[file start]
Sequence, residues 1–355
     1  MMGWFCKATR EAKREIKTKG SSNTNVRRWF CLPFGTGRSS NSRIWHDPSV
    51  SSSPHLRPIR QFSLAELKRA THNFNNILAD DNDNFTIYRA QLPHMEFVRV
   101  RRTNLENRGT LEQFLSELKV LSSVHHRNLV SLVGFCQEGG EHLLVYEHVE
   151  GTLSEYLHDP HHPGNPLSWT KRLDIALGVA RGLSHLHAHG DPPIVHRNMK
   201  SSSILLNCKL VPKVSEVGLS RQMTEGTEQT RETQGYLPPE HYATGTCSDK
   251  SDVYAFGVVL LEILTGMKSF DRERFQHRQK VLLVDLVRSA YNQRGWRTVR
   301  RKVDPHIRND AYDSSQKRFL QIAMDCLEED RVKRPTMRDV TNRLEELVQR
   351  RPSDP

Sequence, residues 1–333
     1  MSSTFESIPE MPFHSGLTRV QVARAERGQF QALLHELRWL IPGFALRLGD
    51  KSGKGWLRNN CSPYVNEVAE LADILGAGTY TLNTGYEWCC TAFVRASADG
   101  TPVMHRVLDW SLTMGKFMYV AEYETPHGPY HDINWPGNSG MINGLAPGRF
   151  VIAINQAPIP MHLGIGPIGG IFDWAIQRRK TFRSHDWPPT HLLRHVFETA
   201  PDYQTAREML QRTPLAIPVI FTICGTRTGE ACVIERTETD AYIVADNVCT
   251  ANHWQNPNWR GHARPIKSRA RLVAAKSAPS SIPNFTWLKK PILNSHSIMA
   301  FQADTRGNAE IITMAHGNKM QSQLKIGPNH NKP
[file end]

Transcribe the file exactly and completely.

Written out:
Sequence, residues 1–355
     1  MMGWFCKATR EAKREIKTKG SSNTNVRRWF CLPFGTGRSS NSRIWHDPSV
    51  SSSPHLRPIR QFSLAELKRA THNFNNILAD DNDNFTIYRA QLPHMEFVRV
   101  RRTNLENRGT LEQFLSELKV LSSVHHRNLV SLVGFCQEGG EHLLVYEHVE
   151  GTLSEYLHDP HHPGNPLSWT KRLDIALGVA RGLSHLHAHG DPPIVHRNMK
   201  SSSILLNCKL VPKVSEVGLS RQMTEGTEQT RETQGYLPPE HYATGTCSDK
   251  SDVYAFGVVL LEILTGMKSF DRERFQHRQK VLLVDLVRSA YNQRGWRTVR
   301  RKVDPHIRND AYDSSQKRFL QIAMDCLEED RVKRPTMRDV TNRLEELVQR
   351  RPSDP

Sequence, residues 1–333
     1  MSSTFESIPE MPFHSGLTRV QVARAERGQF QALLHELRWL IPGFALRLGD
    51  KSGKGWLRNN CSPYVNEVAE LADILGAGTY TLNTGYEWCC TAFVRASADG
   101  TPVMHRVLDW SLTMGKFMYV AEYETPHGPY HDINWPGNSG MINGLAPGRF
   151  VIAINQAPIP MHLGIGPIGG IFDWAIQRRK TFRSHDWPPT HLLRHVFETA
   201  PDYQTAREML QRTPLAIPVI FTICGTRTGE ACVIERTETD AYIVADNVCT
   251  ANHWQNPNWR GHARPIKSRA RLVAAKSAPS SIPNFTWLKK PILNSHSIMA
   301  FQADTRGNAE IITMAHGNKM QSQLKIGPNH NKP